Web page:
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In physics, an **observable** is a physical quantity that can be measured. Examples include position and momentum. In systems governed by classical mechanics, it is a real-valued "function" on the set of all possible system states. In quantum physics, it is an operator, or gauge, where the property of the quantum state can be determined by some sequence of operations. For example, these operations might involve submitting the system to various electromagnetic fields and eventually reading a value.

- Quantum mechanics
- Operators on finite and infinite dimensional Hilbert spaces
- Incompatibility of observables in quantum mechanics
- See also
- Further reading

Physically meaningful observables must also satisfy transformation laws which relate observations performed by different observers in different frames of reference. These transformation laws are automorphisms of the state space, that is bijective transformations which preserve certain mathematical properties of the space in question.

In quantum physics, observables manifest as linear operators on a Hilbert space representing the state space of quantum states. The eigenvalues of observables are real numbers that correspond to possible values the dynamical variable represented by the observable can be measured as having. That is, observables in quantum mechanics assign real numbers to outcomes of *particular measurements*, corresponding to the eigenvalue of the operator with respect to the system's measured quantum state. As a consequence, only certain measurements can determine the value of an observable for some state of a quantum system. In classical mechanics, *any* measurement can be made to determine the value of an observable.

The relation between the state of a quantum system and the value of an observable requires some linear algebra for its description. In the mathematical formulation of quantum mechanics, states are given by non-zero vectors in a Hilbert space *V*. Two vectors **v** and **w** are considered to specify the same state if and only if for some non-zero . Observables are given by self-adjoint operators on *V*. However, as indicated below, not every self-adjoint operator corresponds to a physically meaningful observable^{[ citation needed ]}. For the case of a system of particles, the space *V* consists of functions called wave functions or state vectors.

In the case of transformation laws in quantum mechanics, the requisite automorphisms are unitary (or antiunitary) linear transformations of the Hilbert space *V*. Under Galilean relativity or special relativity, the mathematics of frames of reference is particularly simple, considerably restricting the set of physically meaningful observables.

In quantum mechanics, measurement of observables exhibits some seemingly unintuitive properties. Specifically, if a system is in a state described by a vector in a Hilbert space, the measurement process affects the state in a non-deterministic but statistically predictable way. In particular, after a measurement is applied, the state description by a single vector may be destroyed, being replaced by a statistical ensemble. The irreversible nature of measurement operations in quantum physics is sometimes referred to as the measurement problem and is described mathematically by quantum operations. By the structure of quantum operations, this description is mathematically equivalent to that offered by relative state interpretation where the original system is regarded as a subsystem of a larger system and the state of the original system is given by the partial trace of the state of the larger system.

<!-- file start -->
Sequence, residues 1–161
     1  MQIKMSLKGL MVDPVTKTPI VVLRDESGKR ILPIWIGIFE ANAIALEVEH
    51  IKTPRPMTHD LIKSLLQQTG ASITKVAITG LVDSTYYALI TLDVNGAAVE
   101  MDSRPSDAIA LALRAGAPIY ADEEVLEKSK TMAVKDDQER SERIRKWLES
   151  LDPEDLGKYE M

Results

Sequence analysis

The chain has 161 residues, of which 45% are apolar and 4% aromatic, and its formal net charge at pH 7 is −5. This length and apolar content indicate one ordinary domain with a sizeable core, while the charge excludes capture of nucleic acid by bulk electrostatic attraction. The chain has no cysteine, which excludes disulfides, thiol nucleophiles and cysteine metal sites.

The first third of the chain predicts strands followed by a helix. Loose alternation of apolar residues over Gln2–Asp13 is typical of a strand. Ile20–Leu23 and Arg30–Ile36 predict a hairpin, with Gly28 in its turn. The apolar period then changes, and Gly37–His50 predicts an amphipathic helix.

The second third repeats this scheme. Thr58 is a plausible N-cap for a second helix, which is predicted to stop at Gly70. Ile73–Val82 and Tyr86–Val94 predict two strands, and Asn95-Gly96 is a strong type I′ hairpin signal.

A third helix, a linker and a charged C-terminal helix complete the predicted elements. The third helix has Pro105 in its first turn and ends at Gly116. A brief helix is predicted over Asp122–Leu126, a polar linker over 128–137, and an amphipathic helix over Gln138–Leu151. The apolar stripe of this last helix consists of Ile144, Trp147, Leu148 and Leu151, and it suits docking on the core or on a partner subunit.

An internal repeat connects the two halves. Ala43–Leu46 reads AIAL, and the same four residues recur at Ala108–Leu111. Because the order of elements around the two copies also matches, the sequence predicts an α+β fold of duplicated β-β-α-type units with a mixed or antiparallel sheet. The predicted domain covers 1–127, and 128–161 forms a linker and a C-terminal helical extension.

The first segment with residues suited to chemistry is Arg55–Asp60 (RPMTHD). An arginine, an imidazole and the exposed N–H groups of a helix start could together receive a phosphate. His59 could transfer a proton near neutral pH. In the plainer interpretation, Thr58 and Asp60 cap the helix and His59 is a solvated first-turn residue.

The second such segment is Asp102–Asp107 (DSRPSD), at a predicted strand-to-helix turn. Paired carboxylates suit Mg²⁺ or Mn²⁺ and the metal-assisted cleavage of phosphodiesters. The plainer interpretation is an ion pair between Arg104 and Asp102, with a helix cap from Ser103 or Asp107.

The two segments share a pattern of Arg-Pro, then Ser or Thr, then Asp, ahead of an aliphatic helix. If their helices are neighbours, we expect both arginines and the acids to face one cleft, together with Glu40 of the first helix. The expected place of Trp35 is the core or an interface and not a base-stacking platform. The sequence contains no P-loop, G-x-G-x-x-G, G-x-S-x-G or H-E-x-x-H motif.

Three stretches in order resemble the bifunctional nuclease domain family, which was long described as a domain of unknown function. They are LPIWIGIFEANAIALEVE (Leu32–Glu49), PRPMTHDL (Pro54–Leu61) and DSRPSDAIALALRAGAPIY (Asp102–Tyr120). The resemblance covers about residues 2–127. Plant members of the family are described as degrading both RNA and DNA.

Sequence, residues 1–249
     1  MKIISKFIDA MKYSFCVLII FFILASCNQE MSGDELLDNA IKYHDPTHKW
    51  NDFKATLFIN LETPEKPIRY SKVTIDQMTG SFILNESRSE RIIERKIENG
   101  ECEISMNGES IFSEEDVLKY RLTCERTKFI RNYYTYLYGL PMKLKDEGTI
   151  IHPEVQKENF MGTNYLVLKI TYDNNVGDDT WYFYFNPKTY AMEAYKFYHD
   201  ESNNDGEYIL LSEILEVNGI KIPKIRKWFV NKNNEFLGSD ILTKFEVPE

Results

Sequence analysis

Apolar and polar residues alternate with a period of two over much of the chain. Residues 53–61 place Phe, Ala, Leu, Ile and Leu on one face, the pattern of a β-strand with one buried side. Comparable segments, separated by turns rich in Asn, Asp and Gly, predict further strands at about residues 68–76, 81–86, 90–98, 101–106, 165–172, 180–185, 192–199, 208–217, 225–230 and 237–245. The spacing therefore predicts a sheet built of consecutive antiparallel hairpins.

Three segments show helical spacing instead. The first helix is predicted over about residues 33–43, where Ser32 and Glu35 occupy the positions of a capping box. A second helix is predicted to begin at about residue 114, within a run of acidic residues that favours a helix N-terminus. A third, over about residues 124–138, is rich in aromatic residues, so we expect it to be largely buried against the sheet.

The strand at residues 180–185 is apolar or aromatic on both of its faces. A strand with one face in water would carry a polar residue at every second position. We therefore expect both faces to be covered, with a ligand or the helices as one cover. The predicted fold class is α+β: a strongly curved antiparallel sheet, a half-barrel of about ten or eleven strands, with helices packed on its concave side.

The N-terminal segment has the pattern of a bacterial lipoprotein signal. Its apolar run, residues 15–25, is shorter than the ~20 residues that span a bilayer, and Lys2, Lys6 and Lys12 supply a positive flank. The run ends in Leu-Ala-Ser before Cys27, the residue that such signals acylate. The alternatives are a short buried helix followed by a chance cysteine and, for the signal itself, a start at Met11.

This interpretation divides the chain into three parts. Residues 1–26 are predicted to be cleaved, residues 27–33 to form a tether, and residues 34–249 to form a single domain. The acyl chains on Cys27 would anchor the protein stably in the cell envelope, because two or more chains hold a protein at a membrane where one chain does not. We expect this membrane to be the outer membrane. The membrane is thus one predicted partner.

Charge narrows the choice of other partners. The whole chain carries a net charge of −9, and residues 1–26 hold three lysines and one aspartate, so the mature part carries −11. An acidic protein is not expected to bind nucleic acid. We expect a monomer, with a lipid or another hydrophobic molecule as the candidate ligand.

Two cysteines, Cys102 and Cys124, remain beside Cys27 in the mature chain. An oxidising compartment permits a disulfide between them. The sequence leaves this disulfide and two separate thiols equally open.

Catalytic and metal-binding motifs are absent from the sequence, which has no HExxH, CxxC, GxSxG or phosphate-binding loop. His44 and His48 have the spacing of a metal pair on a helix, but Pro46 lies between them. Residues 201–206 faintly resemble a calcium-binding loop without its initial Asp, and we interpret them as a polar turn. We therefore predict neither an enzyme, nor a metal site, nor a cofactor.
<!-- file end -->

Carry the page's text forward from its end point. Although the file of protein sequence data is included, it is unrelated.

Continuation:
In quantum mechanics, dynamical variables such as position, translational (linear) momentum, orbital angular momentum, spin, and total angular momentum are each associated with a Hermitian operator that acts on the state of the quantum system. The eigenvalues of operator correspond to the possible values that the dynamical variable can be observed as having. For example, suppose is an eigenket (eigenvector) of the observable , with eigenvalue , and exists in a d-dimensional Hilbert space. Then

This eigenket equation says that if a measurement of the observable is made while the system of interest is in the state , then the observed value of that particular measurement must return the eigenvalue with certainty. However, if the system of interest is in the general state , then the eigenvalue is returned with probability , by the Born rule.

The above definition is somewhat dependent upon our convention of choosing real numbers to represent real physical quantities. Indeed, just because dynamical variables are "real" and not "unreal" in the metaphysical sense does not mean that they must correspond to real numbers in the mathematical sense.^{[ citation needed ]}

To be more precise, the dynamical variable/observable is a self-adjoint operator in a Hilbert space.

Observables can be represented by a Hermitian matrix if the Hilbert space is finite-dimensional. In an infinite-dimensional Hilbert space, the observable is represented by a symmetric operator, which may not be defined everywhere. The reason for such a change is that in an infinite-dimensional Hilbert space, the observable operator can become unbounded, which means that it no longer has a largest eigenvalue. This is not the case in a finite-dimensional Hilbert space: an operator can have no more eigenvalues than the dimension of the state it acts upon, and by the well-ordering property, any finite set of real numbers has a largest element. For example, the position of a point particle moving along a line can take any real number as its value, and the set of real numbers is uncountably infinite. Since the eigenvalue of an observable represents a possible physical quantity that its corresponding dynamical variable can take, we must conclude that there is no largest eigenvalue for the position observable in this uncountably infinite-dimensional Hilbert space.